Expert and Research Work of the Mycology Group
- Diagnostics and consulting: detection and identification of phytopathogenic fungi and fungus-like organisms (morphological and molecular identification)
- Special control of sudden oak death (Phytophthora ramorum)
- Monitoring the occurrence of economically important phytopathogenic fungi and fungus-like organisms
- Control and containment methods for fungal diseases of agricultural plants
- Finding the sources of resistance of agricultural plants to fungal diseases (bean anthracnose , brown rot and anthracnose of fruit trees and soft fruit)
- Taxonomic groups of fungi and fungus-like organisms to which we pay special attention
- Neonectria spp. and other Cylindrocarpon similar taxa, with an emphasis on pathogens living in soil and on coniferous trees
- Monilinia Honey - biology and epidemiology of M. fructicola, M. laxa, M. fructigena and M. polystroma and possibilities of their control
- Colletotrichum Corda - diversity and ecology of species on fruit trees and soft fruit and host-pathogen interactions
- Armillaria (Fr.) Staude – identification and ecology of species on woody hosts
- Metarhizium Sorokin - diversity and ecology of species in Slovenia, inventorying on roots of vegetables, in soil and on insects and the possibilities of use in biotic control
- Bionectriaceae Samuels & Rossman with an emphasis on Clonostachys Corda - diversity and ecology of species in Slovenia, especially taxa related to phytopathogenic fungi and harmful insects and nematodes
- Fusarium Link - taxonomic and phylogenetical concepts of species and genera, mycotoxigenicity, plant and opportunistic human pathogens
- reference and working collection of fungal isolates from genera Phytophthora, Monilinia, Fusarium, Guignardia, Armillaria and Colletotrichum
- Ecological groups of fungi and fungus-like organisms to which we pay special attention
- species from the Phytophthora genus on woody plants in fruit production, ornamental use and natural environment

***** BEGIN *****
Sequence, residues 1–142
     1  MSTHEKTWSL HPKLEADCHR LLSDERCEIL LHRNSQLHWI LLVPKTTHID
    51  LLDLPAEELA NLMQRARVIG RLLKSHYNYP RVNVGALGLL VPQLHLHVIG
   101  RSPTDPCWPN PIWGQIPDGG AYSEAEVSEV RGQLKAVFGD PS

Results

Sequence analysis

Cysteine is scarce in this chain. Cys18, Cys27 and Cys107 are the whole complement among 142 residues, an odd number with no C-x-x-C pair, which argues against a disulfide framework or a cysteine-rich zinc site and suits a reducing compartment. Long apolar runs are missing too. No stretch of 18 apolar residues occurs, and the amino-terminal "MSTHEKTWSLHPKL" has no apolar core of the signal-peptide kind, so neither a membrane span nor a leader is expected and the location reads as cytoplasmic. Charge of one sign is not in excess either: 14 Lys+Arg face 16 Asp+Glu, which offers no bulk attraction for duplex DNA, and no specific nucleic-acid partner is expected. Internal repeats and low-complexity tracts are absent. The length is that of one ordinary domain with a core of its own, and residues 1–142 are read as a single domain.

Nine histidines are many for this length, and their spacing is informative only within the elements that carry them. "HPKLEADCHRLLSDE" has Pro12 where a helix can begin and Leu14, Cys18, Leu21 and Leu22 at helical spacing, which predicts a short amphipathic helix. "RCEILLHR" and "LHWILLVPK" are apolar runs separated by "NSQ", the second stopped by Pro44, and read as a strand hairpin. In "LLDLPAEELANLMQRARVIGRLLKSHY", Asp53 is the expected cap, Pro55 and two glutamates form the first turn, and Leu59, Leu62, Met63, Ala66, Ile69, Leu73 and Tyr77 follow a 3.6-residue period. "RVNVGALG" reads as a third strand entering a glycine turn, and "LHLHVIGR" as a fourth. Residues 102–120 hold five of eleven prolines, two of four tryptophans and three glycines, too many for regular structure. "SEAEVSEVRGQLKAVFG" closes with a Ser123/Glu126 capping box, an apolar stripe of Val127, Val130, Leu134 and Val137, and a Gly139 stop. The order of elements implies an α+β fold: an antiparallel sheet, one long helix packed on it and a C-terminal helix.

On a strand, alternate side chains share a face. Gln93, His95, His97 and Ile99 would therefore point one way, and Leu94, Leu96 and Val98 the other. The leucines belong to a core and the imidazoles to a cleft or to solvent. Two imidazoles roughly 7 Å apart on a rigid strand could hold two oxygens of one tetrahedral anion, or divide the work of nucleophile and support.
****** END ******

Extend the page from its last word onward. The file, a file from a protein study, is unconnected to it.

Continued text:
- fungal diseases in apple plantations, with a special emphasis on the species Neonectria spp., Marssonina coronaria (Ellis & Davis) Davis, Sclerotium rolfsii Sacc.
- sooty blotch and fly speck fungi on fruit
- entomopathogenic fungi and nematode-related fungi
- fungi in ecological production systems
- endophytes in agricultural and ornamental plants
- cereal and legumes seeds diseases
Special supervision for sudden oak death (Phytophthora ramorum) and the Phytophthora kernoviae species
The sudden oak death disease is caused by the fungus-like foreign organism Phytophthora ramorum. It parasitises a wide circle of hosts among ornamental plants and trees. The symptoms of the disease express themselves as leaf spots, decaying stems and branches and in trees as necroses on bark that cause drying of the entire tree. After the outbreak of the disease in the USA, where trees dried up to a wide extent, mainly various species of oak, phytophoral sudden oak death was also recognised as a dangerous harmful organism in 2002 in the EU. For this disease, obligatory phytosanitary measures are prescribed.
In Slovenia, the supervision of the disease began in 2003 in order to prevent its introduction and spread across the country. In the same year, we already discovered the first infected plants. The inspections and sampling were done by the associates from the Phytosanitary Inspection Service, the Slovenian Forest Service, the Slovenian Forestry Institute and the Agricultural Institute of Slovenia, which also planned the supervision, coordinated the progress of activities and performed laboratory analyses.
By the end of 2012, 1895 inspections of ornamental plants were performed in nurseries, distribution centres, points of sale, parks and gardens as well as numerous inspections of plants in forests. 1336 samples of plants, water and soil were analysed. The infected ornamental plants were found 69 times in distribution centres or points of sale, most frequently in 2007. All the cases involved plants not produced in Slovenia. The disease was discovered three times on ornamental plants in a park, two times in a nursery and one time in a private garden, but it was never detected in any forest. Most often, the infected plants were from the Rhododendron and Viburnum genera.
Each positive detection was followed by phytosanitary measures for rooting out the disease, which were successful and thus the disease did not spread in Slovenia. In ornamental plants, we also detected infection with 10 other species of phytophtora. Among those, the Phytophthora kernoviae species, which is also a part of the supervision and causes similar symptoms as P. ramorum, was not present. The supervision is still ongoing.
More information about host plants, symptoms and legislation:
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